None of these tip-of-the-iceberg facts means that white Americans haven’t really earned it, or worked hard. But it does point to the inescapable importance of previous generations’ economic status in explaining present day wealth distribution — whether a family’s financial foundation goes back to the 1862 Homestead Act when millions of acres of land were given to whites exclusively; or involves GI Bill college benefits used by millions of white World War II vets not accessible to most blacks because of segregation; or traceable to restrictive property covenants that prevented white home owners from selling to black buyers until the 1950s.
One example of what Gonsalves writes about is a story I blogged about a month ago, concerning retired black policemen in Georgia who receive hundreds of dollars less per month in retirement than their white counterparts. That’s because until 1976 those black officers were barred from joining the state-supplemented retirement fund. The state legislature has repeatedly refused to give them credit for those lost years.
So, despite dwindling numbers, they will probably take their fight to court. Meanwhile, 81-year-old James Booker worked as a crossing guard in 2006 – bad knees and all – to make up for the pension he doesn’t receive for his decades of service, because he was (and is) Black.
Booker’s story, and others like it, aren’t what we want to hear for the most part. Or, upon hearing them, we might even ignore the rest of the story and praise him for “taking the initiative” or “embracing personal responsibility,” working into his old age to make up for age-old discriminations. Stories like his are a reminder of Fauklner’s words, cited by Obama, “The past isn’t dead and buried. In fact, it isn’t even past.”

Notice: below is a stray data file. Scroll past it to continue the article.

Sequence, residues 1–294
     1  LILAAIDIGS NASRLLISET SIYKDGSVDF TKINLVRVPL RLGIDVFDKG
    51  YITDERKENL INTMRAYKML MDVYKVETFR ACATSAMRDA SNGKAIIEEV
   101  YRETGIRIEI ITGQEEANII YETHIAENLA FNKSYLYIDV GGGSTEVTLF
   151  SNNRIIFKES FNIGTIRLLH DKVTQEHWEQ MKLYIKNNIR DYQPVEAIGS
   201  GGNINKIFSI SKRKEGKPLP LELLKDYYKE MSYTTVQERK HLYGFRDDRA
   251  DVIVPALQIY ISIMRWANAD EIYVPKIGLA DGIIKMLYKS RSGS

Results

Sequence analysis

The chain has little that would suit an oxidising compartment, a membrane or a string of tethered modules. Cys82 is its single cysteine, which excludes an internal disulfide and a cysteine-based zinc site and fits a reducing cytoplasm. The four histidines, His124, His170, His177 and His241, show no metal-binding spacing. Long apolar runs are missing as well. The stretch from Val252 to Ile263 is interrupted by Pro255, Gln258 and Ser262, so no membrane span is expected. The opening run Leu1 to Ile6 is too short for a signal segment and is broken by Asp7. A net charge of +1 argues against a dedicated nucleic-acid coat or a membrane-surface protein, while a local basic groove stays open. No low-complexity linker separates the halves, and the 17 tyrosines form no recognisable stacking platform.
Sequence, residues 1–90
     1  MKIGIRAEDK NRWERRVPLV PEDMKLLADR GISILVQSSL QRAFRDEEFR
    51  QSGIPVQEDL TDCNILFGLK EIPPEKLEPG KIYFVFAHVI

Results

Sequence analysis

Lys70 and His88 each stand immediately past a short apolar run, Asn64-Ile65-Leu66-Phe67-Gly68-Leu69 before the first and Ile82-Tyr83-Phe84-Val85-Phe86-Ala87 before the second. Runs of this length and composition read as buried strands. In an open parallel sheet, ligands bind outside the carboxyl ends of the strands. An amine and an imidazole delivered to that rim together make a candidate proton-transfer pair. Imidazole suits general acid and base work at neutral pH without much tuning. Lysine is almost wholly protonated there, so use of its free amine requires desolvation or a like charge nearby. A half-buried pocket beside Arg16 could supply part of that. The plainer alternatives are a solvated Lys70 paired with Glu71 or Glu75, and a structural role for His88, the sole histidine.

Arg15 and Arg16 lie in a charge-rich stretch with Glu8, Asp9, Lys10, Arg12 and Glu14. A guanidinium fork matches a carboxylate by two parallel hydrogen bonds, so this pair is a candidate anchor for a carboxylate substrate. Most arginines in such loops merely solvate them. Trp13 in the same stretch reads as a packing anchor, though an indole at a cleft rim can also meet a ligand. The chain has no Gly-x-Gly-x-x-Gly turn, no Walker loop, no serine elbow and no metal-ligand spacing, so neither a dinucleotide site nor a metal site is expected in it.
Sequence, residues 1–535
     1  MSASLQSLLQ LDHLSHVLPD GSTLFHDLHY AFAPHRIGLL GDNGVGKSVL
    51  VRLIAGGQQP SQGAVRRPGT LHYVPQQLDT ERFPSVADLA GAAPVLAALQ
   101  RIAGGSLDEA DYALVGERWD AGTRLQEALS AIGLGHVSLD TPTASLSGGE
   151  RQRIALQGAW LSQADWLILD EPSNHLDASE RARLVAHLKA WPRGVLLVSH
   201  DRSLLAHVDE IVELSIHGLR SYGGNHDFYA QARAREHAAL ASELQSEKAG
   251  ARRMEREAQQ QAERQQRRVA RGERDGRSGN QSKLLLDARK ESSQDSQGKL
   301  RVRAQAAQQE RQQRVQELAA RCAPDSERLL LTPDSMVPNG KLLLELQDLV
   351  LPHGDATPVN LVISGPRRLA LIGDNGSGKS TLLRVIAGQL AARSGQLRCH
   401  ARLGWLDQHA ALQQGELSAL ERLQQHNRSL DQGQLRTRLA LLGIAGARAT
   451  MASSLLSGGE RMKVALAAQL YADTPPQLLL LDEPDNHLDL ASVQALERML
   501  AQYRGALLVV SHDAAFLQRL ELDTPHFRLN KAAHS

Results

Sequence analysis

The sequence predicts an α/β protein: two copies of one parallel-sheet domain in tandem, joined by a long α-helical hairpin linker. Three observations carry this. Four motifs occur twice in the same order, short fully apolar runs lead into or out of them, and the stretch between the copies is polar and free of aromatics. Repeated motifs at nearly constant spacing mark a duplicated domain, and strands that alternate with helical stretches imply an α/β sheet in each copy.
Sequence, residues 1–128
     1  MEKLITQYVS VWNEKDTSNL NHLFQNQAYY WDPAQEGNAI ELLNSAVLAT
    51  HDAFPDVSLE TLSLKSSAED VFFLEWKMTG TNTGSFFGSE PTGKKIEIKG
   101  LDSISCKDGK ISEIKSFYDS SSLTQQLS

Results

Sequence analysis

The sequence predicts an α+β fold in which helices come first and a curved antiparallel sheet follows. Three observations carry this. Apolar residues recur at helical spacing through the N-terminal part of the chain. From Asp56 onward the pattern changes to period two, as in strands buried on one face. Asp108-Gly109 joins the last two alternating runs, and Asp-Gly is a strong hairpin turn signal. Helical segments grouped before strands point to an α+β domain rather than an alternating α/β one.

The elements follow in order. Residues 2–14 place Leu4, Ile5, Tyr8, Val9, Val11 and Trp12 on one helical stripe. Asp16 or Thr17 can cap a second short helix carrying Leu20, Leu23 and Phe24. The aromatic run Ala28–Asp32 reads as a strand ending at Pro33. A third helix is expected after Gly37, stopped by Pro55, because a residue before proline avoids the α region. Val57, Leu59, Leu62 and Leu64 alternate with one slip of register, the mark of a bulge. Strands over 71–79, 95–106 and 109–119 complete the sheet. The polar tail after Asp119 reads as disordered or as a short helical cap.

We don’t want to hear it. We are a nation of “rugged individualists,” whose national mythology celebrates the ideal of being “self-made,” utterly unconnected to the past or affected by its consequences. It’s a mythology that, as Gonsalves points out, allows many middle and working class white Americans to earnestly believe that they’ve enjoyed little to no privilege based on their race. Though Booker’s story, and those of the other retired Black officers in Georgia illustrate precisely the kind of historical advantage and privilege that Gonsalves addresses, as well as how it impacts the present even decades later.
For that matter, it’s the same mythology that allows George W. Bush – who once famously referred to himself as “a Republican white guy who doesn’t get it “ – to evoke the air of a self-made man, and quietly deny the significant advantages he’s gained from his family’s wealth and connections (or, for that matter, the advantages that his father and grandfather enjoyed as a result of the Bush/Walker family fortune). It’s the same mythology that makes it impolitic to ask – despite pundits claiming that Obama wouldn’t be running for president if he wasn’t black – whether George W. Bush would be where he is, had he been born to a family without the Bush family’s wealth and political power, with only his innate talents, skills, and intelligence to rely on.